Mitt Romney has officially staked out the most extreme immigration position possible: the removal of every undocumented immigrant in the nation. His message to Latino immigrants is: “go home.”
In the recent dustup over Newt Gingrich’s limited but sensible recognition of the simple fact that America will not and should not move to expel 11 million undocumented immigrants — many of whom have lived and worked here for well over a decade — Mitt Romney’s current position on immigration reform has become clear: anything short of mass deportation is “amnesty.”
At last week’s Republican presidential debate, Newt Gingrich reiterated his view that some undocumented immigrants who are deeply rooted in America should have a path to legal status – but not citizenship. Gingrich said:
I don’t see how the party that says it’s the party of the family is going to adopt an immigration policy which destroys families that have been here a quarter century, and I’m prepared to take the heat for saying, let’s be humane in enforcing the law without giving them citizenship but by finding a way to create legality so that they are not separated from their families.
Gingrich’s “red card” proposal calls for legalization but no citizenship, which is applicable only to a small group of undocumented immigrants. This falls well short of the comprehensive immigration reform plan of 2006 that received the backing of 23 Republican Senators and President George W. Bush. Even an earlier incarnation of Mitt Romney expressed support for an earned citizenship policy that goes well beyond what Gingrich is now proposing. In a 2006 interview with Bloomberg News, Romney said, “We need to begin a process of registering those people, some being returned, and some beginning the process of applying for citizenship and establishing legal status” and said in reference to undocumented immigrants, “We’re not going to go through a process of tracking them all down and moving them out.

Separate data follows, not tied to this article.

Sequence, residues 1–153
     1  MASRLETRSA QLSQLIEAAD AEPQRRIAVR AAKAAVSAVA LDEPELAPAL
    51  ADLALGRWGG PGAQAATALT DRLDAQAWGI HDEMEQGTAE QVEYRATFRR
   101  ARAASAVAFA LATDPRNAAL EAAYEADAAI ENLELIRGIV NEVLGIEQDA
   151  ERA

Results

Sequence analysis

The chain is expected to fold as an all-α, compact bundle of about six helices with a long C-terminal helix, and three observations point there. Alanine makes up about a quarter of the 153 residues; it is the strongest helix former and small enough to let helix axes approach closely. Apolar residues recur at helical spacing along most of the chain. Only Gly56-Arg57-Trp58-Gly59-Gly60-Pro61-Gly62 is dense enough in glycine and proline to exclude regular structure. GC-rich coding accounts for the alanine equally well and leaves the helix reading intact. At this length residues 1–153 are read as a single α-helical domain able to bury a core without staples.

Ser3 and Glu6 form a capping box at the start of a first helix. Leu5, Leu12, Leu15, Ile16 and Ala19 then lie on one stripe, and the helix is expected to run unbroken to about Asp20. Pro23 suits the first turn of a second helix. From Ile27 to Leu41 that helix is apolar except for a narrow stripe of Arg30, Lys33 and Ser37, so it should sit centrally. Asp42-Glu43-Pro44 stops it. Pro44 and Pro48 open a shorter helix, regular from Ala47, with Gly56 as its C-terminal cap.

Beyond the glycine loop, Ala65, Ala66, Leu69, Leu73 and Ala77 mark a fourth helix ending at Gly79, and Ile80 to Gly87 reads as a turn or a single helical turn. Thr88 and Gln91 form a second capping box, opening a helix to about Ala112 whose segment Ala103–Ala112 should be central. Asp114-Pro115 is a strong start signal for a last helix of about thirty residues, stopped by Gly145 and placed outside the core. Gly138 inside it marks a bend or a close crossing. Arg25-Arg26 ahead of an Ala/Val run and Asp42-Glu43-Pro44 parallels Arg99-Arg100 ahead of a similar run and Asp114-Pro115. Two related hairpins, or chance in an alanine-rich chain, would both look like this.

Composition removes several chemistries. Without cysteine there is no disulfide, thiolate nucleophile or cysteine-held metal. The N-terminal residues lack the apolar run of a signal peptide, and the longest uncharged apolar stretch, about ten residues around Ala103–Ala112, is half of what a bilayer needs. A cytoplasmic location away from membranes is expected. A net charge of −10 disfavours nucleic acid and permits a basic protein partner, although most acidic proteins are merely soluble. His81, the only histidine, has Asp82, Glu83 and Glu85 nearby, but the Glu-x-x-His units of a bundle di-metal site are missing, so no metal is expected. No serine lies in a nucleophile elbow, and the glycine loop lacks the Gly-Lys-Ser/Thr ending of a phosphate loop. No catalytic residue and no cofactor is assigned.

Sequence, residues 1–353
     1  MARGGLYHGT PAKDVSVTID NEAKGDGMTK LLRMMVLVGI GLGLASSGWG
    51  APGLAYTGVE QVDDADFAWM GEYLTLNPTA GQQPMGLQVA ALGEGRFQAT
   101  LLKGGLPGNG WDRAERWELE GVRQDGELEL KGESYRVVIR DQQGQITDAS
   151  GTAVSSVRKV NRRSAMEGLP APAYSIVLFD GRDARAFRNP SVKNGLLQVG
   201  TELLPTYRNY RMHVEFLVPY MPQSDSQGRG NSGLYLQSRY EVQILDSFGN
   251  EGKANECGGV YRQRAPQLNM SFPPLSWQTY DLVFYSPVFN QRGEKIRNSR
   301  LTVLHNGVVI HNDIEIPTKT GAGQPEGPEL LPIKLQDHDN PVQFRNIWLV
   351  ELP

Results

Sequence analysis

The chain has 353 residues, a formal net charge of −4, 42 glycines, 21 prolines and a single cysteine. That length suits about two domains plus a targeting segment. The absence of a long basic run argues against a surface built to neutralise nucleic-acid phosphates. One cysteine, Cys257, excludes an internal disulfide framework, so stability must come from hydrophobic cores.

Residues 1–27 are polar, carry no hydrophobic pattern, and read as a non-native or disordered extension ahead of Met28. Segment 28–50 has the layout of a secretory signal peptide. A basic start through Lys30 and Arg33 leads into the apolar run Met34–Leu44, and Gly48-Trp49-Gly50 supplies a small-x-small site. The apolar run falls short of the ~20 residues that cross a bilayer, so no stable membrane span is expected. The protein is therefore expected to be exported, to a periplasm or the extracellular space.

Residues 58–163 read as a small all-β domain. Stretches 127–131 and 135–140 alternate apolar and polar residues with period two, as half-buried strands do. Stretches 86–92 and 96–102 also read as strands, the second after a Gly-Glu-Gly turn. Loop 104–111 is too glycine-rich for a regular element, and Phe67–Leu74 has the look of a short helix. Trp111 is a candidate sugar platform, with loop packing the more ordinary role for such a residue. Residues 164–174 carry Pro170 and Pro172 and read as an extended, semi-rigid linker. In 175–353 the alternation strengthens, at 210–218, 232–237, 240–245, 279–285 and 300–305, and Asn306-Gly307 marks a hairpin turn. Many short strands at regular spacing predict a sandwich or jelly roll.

Despite this past support for comprehensive immigration reform, the shape-shifting Romney is now intent to shore up his anti-immigrant bona fides at any cost, labeling the Gingrich plan “amnesty” and sending out an Iowa mailer that touts Romney’s unparalleled tough record on immigration. In the spin room after last week’s debate, Romney adviser and spokesman Eric Fehrnstrom explained the Romney immigration plan:
“You turn off the magnets, no in state tuition, no benefits of any kind, no employment. You put in place an employment verification system with penalties for employers that hire illegals, that will shut off access to the job market, and they will self retreat. They will go to their native countries.”
The bad news for Romney is that by admitting that the goal of his immigration plan is to expel the 11 million undocumented immigrants currently settled in the United States, he positions himself on the wrong side of the issue for three quarters of the American people and the millions of Latino voters who view immigration as a personal and defining issue.
In his painfully obvious attempt to pander to the hard right on immigration to shore up his conservative credentials, Mitt Romney has instead run headlong into a political disaster of his own making. His best argument in the primary is his electability in the general election. And yet by taking such a hard line position on immigration, he is making it impossible to win the 40% of the Latino vote he needs to win swing states such as Colorado, Florida, New Mexico and Nevada. His desperation on immigration is literally undermining the rationale for his candidacy.